Eye of the Storm

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Thursday, August 25, 2005

Hurricane Katrina Goes Ashore -- 252300Z update


At 7 PM EDT, the center of Hurricane Katrina was at 25.9 North 80.1 West, located on the coast between Hallandale Beach and Miami Beach. Movement is to the west at 6 mph. Maximum sustained winds are up to 80 mph and minimum central pressure is down to 985 millibars ( 29.09").

Hurricane Katrina Intermediate Advisory Number 9A

Selected comments from the 5 PM discussion, not the full synopsis since some of the commments are overtaken by events:

Katrina is expected to move slightly south of due west for the next 12 hours. The ridge that currently lies to the north of Katrina and is dictating her current motion is expected to be partially eroded, which would cause the hurricane to turn to the north after 48 hours. As has been the case for the past couple of days, the models diverge after that. The GFS model continues to be the eastern-most of the bunch, featuring a sharp northeast turn that brings the storm back ashore in the vicinity of Yankeetown (more or less the point where panhandle meets peninsula). The GFDL and GFDN models represent the western edge of the spectrum as they bring Katrina ashore in Alabama and Louisiana respectively. Given the GFDL's and GFDN's poor performance in the recent short term, their forecasts are given less weight, a result of that is the official track forecast being east of the model consensus.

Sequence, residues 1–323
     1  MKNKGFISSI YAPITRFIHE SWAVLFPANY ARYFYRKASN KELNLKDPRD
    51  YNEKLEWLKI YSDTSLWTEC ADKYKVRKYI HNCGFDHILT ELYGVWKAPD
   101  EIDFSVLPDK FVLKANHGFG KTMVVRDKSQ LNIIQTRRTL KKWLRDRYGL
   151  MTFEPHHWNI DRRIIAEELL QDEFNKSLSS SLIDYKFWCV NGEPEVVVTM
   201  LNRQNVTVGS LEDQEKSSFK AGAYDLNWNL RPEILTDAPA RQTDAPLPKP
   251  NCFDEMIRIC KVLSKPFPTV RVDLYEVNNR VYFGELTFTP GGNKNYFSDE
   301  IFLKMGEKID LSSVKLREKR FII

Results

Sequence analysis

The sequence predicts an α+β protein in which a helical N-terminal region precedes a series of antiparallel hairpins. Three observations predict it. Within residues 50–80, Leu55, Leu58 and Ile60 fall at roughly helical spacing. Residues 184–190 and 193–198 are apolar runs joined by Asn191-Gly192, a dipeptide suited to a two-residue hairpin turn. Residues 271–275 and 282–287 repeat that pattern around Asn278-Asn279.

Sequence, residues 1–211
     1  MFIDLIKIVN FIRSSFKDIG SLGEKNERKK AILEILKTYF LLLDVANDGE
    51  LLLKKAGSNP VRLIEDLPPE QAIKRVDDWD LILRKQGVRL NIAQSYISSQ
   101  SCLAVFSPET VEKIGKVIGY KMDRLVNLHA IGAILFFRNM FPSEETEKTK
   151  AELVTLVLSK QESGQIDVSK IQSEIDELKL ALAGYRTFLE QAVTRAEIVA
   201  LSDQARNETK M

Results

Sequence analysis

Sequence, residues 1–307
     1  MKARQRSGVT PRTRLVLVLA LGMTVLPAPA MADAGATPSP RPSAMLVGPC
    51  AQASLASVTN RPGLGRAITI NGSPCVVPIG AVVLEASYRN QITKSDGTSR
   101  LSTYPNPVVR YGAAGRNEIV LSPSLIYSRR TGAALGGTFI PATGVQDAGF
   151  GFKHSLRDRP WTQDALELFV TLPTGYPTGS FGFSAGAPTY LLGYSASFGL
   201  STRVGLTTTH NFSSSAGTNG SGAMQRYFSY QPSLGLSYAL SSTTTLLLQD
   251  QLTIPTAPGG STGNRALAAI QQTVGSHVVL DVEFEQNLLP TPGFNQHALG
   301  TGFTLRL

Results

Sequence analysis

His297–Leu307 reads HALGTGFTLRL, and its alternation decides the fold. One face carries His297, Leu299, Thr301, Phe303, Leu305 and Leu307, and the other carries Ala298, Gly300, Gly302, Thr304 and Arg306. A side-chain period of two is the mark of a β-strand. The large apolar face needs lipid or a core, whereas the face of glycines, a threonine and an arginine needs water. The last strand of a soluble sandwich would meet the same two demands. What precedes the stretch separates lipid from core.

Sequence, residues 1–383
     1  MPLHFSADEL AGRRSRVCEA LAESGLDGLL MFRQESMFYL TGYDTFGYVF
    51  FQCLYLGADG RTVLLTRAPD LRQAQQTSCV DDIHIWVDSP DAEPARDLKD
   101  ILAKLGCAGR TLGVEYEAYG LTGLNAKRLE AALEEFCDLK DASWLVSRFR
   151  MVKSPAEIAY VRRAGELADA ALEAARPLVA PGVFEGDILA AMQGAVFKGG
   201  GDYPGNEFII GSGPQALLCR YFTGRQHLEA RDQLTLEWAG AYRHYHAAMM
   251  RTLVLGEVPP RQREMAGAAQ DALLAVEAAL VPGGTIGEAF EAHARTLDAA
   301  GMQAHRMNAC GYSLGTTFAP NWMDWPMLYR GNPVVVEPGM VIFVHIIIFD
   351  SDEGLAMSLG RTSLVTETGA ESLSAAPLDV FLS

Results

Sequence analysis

Once Katrina returns to the Gulf of Mexico, conditions are expected to be favorable for re-strengthening. The official forecast brings Katrina to 105 mph winds by time of the second landfall.

Hurricane Katrina Discussion Number 9

Official Forecast track


In a mixed blessing for Florida, Katrina is taking a short-cut track across the southern Peninsula. The track should slightly reduce rain-fall totals in the populated areas of the west coast. The downside from the track is that allows Katrina to hold more of her strength before re-entering the Gulf of Mexico.

The 5 PM intensity forecast is in line with the concerns I have been expressing for a significant hurricane to affect the Panhandle. My area of concern continues to extend from Mobile to St Marks, with the area of highest concern extending from Panama City Beach to Appalachicola.

Residents in those areas should be considering their preparations for a strong category two hurricane. If Katrina heads further west, enabling her to get west of my high concern area, then she will be able to intensify beyond that to a category three storm like Dennis.

For coastal residents of the Panhandle, plan for a 'working weekend' as all preparations should be completed by Sunday afternoon. Given the fragility of electrical power, it would be a good idea to beat the rush and do your battery/flashlight/food shopping tomorrow. After all, despite Dennis making landfall in Pensacola, power was lost in Tallahasse.

As I've mentioned in a previous post, there are two upper-air 'surveillance' flights going on that are collecting observations for the computer models' forecasts tonight. The results of those forecasts will be reflected in tomorrow morning's 5 AM advisory package.


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